The Ochoco Lumber Co. has sold 32,000 acres in Central Oregon for $18.5 million, some of which will pay for upgrades to its sawmill in John Day, Ore.
The company recently completed a complex, two-part sale that was initiated last year with Stafford Ranches of Fields, Ore..
“Strategically, it didn’t make sense to hold onto property so far away from our existing facility,” said Bruce Daucsavage, Ochoco Lumber’s president.
The 32,000-acre continguous “Foley Butte Block” was amassed by Ochoco Lumber over a period of 35 years and once provided logs for its sawmill in Prineville, Ore., which shut down more than a decade ago.
Ochoco Lumber is retaining about 15,000 acres in the John Day Valley and has entered into a 10-year contract with the U.S. Forest Service to cut timber on the Malheur National Forest.
As part of the deal, Ochoco will pay the agency $69 million over the course of the contract to obtain logs from a 300,000-acre project area in the national forest, with a collaborative group deciding on logging sites.
The Forest Service, in turn, will use those funds to pay local contractors for forest health and restoration work. Between the sawmill, the federal agency and local contractors, the agreement creates about 100 new jobs in the area.
“It’s a great opportunity for the future of the company,” said Daucsavage. “It’s going to be used as a model nationally.”
Just two years ago, the company was planning to shut down its sawmill in John Day due to the lack of available timber from surrounding national forests, he said. Now, the anticipated volume of timber is expected to exceed the capacity of its facilities, which means Ochoco Lumber needs additional equipment.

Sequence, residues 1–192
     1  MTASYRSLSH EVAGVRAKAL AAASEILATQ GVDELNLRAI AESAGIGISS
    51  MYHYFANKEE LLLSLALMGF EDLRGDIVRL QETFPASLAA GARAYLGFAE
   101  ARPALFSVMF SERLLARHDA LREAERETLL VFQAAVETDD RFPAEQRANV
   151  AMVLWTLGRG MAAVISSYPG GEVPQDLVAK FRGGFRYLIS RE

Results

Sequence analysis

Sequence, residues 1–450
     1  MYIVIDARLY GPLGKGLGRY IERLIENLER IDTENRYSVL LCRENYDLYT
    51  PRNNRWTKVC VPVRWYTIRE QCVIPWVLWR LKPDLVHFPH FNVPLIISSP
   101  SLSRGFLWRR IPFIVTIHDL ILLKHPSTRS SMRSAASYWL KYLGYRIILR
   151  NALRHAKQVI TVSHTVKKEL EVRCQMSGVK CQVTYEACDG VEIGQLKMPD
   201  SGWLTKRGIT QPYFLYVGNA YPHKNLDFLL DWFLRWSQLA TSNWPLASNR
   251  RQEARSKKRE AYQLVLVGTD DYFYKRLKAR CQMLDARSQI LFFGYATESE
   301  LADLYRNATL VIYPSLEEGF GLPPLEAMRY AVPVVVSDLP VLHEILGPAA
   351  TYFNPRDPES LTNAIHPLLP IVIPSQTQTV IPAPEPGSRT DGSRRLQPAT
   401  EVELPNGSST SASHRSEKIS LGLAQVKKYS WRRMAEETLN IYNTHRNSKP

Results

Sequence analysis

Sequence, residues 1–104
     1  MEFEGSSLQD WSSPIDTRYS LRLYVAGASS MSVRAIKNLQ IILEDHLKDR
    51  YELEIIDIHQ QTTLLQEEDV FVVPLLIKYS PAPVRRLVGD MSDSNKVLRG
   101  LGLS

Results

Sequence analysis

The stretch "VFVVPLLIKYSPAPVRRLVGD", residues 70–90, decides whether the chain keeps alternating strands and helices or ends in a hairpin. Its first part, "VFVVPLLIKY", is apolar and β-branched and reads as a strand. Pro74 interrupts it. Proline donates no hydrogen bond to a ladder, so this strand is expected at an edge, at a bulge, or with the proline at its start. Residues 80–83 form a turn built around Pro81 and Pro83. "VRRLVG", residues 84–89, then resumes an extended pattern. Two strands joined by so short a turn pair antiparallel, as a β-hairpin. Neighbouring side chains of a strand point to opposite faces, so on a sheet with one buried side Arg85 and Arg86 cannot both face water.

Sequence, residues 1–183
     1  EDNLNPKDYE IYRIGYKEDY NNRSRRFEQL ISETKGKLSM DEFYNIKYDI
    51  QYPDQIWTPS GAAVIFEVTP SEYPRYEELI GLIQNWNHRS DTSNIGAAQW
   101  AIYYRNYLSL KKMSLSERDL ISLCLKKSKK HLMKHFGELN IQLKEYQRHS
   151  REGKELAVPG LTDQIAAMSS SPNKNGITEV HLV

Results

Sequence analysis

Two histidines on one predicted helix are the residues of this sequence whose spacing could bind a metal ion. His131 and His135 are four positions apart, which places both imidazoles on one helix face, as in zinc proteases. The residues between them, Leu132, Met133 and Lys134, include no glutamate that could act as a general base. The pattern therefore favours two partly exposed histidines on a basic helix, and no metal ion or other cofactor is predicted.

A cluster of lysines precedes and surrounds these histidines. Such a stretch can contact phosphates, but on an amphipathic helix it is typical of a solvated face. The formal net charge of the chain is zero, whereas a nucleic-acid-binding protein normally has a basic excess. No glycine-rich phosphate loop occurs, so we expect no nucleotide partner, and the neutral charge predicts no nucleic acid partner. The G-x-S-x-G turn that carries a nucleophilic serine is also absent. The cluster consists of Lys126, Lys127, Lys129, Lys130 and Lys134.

Strategically, it made sense to sell off the land in Central Oregon and invest in the John Day facilities, which include a sawmill and biomass plant that manufactures wood pellets, heat bricks and animal bedding, Daucsavage said.
Ochoco Lumber also has plans for its former sawmill site in Prineville, where the company still has its headquarters.
The firm has sold 30 acres to a hospital at a discount in exchange for the installation of water and sewer lines and other infrastructure on the remaining 40 acres, opening the property up for development, he said.
Stafford Ranches, which bought the 32,000 acres, already owns farm and ranch properties in Central Oregon and plans to use the new addition for cattle grazing as well as logging, said Jerry Hicks, a broker with Fay Ranches who was involved in the deal.
Capital Press was unable to reach a representative of Stafford Ranches for comment.